All crypto exchanges have to register with the Financial Services Agency (FSA) and comply with their AML/CFT regulations. In 2022, the government declared that they were going to introduce remittance rules in 2023 to stop money laundering via crypto exchanges.
In 2013, The People’s Bank of China (BOC) banned financial institutions from dealing with cryptocurrencies, and the ban was later expanded to crypto exchanges and ICOs. China was the epicenter of mining due to low electricity costs, but it was banned in 2020. The BOC has embraced blockchain technology and is working on developing its own digital currency, the digital yuan. In 2022, it was rolled out under a pilot test program In a total of 23 cities across China, including the cities of Shanghai, Beijing, and Tianjin. The e-CNY or the digital yuan has an app (currently in the beta version) that was officially launched for Android or iOS on Chinese app stores.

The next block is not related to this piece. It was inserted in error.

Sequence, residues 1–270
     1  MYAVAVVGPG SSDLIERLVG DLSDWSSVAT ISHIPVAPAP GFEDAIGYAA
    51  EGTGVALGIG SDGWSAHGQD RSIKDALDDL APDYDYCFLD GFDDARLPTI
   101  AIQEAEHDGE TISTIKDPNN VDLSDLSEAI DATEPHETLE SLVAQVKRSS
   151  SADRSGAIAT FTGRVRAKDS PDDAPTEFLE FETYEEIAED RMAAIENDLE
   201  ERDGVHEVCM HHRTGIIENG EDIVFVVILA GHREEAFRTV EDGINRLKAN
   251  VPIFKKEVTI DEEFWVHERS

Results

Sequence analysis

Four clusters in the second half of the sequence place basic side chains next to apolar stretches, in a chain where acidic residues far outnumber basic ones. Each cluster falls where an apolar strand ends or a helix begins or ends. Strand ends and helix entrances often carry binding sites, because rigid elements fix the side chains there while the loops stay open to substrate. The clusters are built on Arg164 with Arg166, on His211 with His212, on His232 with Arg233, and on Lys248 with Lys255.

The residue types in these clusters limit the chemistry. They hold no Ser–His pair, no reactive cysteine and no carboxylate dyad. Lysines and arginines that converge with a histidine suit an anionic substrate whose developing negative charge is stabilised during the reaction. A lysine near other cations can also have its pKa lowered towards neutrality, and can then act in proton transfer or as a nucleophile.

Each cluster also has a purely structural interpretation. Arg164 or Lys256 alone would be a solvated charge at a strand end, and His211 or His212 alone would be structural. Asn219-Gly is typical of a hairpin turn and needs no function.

Just like the UK, Singapore considers crypto as property. However, it is not legal tender in the country. The Monetary Authority of Singapore (MAS) regulates crypto exchanges according to the Payment Services Act (PSA).
Investors prefer Singapore for crypto investments because long-term capital gains taxes are non-existent. In 2022, the country warned digital payment token (DPT) providers to stop advertising their services.
South Korean regulators are very cautious regarding crypto exchanges and companies. There have been several crypto-exchange hacks, and after that, the country passed the “Act on Reporting and Using Specified Financial Transaction Information,” or the Financial Transaction Reports Act (FTRA) directing VASPs to register and adhere to AML regulations.
In 2021, all crypto service providers had to register with the Korean Financial Services Commission and comply with AML obligations. In South Korea, virtual assets are considered “other income” for tax purposes, and gains are taxed at 20 percent on crypto trading profits.
In 2018, the Reserve Bank of India banned crypto trading of all sorts, but in 2020, the Indian Supreme Court removed the ban and clarified that there are no more prohibitions. Still, India remains on the fence regarding crypto regulation. All crypto investments are taxed at 30 percent, and a 1 percent tax deduction at source (TDS) is deducted on all crypto trades.
In short, crypto regulations are unclear, and investors don’t have much guidance. However, the digital version of the rupee might launch in 2023.